While I did enjoy the overall story, I wasn’t quite as impressed with Naomi Novik’s, Spinning Silver, as I was with her previous novel, Uprooted. I’m not quite sure if the hype got to me or I was just expecting something a little different.
Miryem is the daughter and granddaughter of moneylenders… but her father isn’t a very good one. Free to lend and reluctant to collect, he has loaned out most of his wife’s dowry and left the family on the edge of poverty–until Miryem steps in. Hardening her heart against her fellow villagers’ pleas, she sets out to collect what is owed–and finds herself more than up to the task. When her grandfather loans her a pouch of silver pennies, she brings it back full of gold.
But having the reputation of being able to change silver to gold can be more trouble than it’s worth–especially when her fate becomes tangled with the cold creatures that haunt the wood, and whose king has learned of her reputation and wants to exploit it for reasons Miryem cannot understand.
- Totally Atmospheric! – I think it’s fair to say that at this point we can all agree that Novik definitely knows how to set a tone for her stories. She just has this ability to create a world that completely evokes the essence of original fairytales. If you had told me that she had actually found the original manuscript for Rumpelstiltskin and copied it word for word, I would believe you. This story just feels like it was written such a long time ago. Well done, Novik!
- All My Independent Ladies – The women completely run this story from start to finish. Our main three characters (Irina, Miryem, and Wanda) are some of the strongest females that I’ve ever read about. They each bring their own kind of strength to the story, completely transforming those around them. Miryem was my personal favorite because she had a bit more of a spicier personality than the other two girls. While Irina had a much more steady type of strength that I admire, and Wanda finally reached her peak self to take charge of her own life. If you’re looking for a book with a wonderful feminist message, you’ll really enjoy this one!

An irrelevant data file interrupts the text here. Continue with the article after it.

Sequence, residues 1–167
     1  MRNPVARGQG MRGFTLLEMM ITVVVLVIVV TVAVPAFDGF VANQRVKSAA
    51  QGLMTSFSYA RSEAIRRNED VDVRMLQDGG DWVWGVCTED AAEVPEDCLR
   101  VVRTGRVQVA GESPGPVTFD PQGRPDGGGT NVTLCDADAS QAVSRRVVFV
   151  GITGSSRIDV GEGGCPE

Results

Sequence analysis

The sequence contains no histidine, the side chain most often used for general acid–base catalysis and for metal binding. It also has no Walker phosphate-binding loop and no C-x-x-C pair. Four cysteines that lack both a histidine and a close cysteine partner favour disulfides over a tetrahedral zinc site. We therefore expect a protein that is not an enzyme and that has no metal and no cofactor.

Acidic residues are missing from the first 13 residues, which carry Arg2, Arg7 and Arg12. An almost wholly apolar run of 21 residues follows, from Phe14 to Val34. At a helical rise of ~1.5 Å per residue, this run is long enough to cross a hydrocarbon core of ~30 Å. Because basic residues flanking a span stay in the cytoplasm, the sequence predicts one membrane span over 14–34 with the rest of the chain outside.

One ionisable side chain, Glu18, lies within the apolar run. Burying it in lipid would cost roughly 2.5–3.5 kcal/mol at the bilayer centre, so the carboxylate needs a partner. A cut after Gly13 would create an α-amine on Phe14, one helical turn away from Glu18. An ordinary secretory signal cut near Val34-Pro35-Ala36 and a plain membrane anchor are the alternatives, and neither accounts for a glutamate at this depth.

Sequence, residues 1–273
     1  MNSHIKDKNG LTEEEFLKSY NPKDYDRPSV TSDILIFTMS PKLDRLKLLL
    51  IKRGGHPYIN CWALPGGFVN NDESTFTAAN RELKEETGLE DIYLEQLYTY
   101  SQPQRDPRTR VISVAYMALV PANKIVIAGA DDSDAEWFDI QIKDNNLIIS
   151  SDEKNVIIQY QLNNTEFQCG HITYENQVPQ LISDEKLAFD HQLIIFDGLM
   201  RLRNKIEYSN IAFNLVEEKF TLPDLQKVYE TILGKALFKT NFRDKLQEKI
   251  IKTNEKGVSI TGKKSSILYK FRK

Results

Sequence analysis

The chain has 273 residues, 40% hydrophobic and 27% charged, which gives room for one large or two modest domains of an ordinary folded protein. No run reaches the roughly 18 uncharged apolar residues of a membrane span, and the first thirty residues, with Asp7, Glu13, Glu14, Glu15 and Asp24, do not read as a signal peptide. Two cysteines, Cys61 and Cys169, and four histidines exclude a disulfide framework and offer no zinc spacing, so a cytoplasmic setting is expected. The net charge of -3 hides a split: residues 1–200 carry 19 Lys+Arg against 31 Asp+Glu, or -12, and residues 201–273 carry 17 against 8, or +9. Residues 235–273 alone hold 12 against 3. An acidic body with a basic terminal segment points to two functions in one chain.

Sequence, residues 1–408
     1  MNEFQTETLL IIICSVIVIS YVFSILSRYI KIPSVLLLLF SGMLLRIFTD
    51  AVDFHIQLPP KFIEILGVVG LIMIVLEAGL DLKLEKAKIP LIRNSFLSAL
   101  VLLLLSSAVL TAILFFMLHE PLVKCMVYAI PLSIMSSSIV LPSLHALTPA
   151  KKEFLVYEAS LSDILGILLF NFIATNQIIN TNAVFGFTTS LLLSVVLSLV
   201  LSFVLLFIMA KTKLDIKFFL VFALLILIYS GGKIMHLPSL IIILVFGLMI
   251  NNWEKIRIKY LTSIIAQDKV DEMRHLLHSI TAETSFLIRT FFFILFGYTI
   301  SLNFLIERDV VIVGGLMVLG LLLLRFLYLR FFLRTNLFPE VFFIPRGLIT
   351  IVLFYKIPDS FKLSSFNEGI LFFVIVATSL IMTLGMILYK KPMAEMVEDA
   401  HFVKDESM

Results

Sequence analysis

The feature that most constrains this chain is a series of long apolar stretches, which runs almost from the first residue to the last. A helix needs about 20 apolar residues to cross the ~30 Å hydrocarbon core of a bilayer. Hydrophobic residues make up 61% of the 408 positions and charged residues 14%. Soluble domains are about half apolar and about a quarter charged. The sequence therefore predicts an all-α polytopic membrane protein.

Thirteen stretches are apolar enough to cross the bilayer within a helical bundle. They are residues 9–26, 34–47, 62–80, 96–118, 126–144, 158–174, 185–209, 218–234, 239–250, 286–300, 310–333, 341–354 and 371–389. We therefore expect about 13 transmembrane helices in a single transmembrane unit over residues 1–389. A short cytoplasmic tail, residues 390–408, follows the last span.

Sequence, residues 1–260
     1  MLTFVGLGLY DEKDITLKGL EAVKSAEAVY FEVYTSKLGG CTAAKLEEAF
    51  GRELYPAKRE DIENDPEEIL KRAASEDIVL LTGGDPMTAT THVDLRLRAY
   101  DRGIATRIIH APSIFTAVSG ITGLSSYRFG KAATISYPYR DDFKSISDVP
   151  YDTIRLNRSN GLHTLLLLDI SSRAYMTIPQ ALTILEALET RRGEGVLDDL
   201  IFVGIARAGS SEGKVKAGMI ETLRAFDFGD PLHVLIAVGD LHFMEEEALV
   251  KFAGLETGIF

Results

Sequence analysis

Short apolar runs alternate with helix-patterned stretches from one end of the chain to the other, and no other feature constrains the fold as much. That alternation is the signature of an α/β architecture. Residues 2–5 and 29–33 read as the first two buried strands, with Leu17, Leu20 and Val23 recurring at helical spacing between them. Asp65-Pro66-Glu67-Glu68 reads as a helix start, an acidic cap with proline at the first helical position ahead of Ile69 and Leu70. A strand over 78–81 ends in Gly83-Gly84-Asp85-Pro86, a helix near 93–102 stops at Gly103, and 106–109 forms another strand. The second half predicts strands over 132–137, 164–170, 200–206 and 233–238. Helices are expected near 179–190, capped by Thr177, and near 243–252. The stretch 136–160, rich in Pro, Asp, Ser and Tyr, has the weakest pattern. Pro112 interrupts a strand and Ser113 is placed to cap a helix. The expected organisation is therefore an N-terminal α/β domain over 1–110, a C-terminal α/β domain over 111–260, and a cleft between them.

- Portrayal of Judaism – I really appreciated that Novik took such a realistic historical portrayal of Jews during the Middle Ages. They were normally some of the richest people in towns and villages, usually involved in banking and moneylending. I loved how she made sure to give us some historical tidbits about their lives and how they were treated. It definitely helped ground the overall story in reality. I also enjoyed seeing how their religion helped shape the plot. It’s not something that we see a lot in books and I wouldn’t mind seeing more of it in the future!
- Excessive POVs – I really struggled with the multiple point-of-views that would pop in and out throughout the middle of the book. Not only did a few of them not add anything to the actual story, but Novik did not define who was the new speaker and it would sometimes take me a little bit to figure out who we were following now. And as I previously mentioned, some of these additions adding nothing to the overall story, only slowing down the plot. It felt like these were maybe added in during the editing process to help increase the length of the book. I wasn’t a fan at all.
- Slowww… – While I was never truly bored during the novel, I did feel like the middle dragged quite a bit. It was like we finally get to the interesting part where Miryem becomes involved with Staryk and rather than the plot really get going, it went back and stalled again until the very end. I prefer a bit more action in the middle of books than what I got with this one.
Final Verdict: 3/5 Stars
Have you read Spinning Silver? If so, what did you think of it? Which main character was your favorite? Do you like this one more than Uprooted?